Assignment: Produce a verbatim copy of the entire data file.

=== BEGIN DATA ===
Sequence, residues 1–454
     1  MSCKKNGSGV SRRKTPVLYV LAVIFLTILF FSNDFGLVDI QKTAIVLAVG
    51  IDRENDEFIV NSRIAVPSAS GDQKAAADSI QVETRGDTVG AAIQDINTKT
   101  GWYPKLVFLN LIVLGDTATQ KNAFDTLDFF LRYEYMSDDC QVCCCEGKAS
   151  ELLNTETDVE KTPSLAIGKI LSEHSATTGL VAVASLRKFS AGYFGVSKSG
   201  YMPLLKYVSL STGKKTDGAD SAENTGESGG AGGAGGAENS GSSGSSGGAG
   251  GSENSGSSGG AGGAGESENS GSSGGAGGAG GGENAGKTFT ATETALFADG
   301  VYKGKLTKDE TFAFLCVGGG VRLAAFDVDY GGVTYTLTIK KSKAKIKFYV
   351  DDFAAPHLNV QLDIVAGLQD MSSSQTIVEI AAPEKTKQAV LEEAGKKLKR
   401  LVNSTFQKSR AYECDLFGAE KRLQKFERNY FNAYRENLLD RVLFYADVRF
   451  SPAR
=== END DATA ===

Sequence, residues 1–454
     1  MSCKKNGSGV SRRKTPVLYV LAVIFLTILF FSNDFGLVDI QKTAIVLAVG
    51  IDRENDEFIV NSRIAVPSAS GDQKAAADSI QVETRGDTVG AAIQDINTKT
   101  GWYPKLVFLN LIVLGDTATQ KNAFDTLDFF LRYEYMSDDC QVCCCEGKAS
   151  ELLNTETDVE KTPSLAIGKI LSEHSATTGL VAVASLRKFS AGYFGVSKSG
   201  YMPLLKYVSL STGKKTDGAD SAENTGESGG AGGAGGAENS GSSGSSGGAG
   251  GSENSGSSGG AGGAGESENS GSSGGAGGAG GGENAGKTFT ATETALFADG
   301  VYKGKLTKDE TFAFLCVGGG VRLAAFDVDY GGVTYTLTIK KSKAKIKFYV
   351  DDFAAPHLNV QLDIVAGLQD MSSSQTIVEI AAPEKTKQAV LEEAGKKLKR
   401  LVNSTFQKSR AYECDLFGAE KRLQKFERNY FNAYRENLLD RVLFYADVRF
   451  SPAR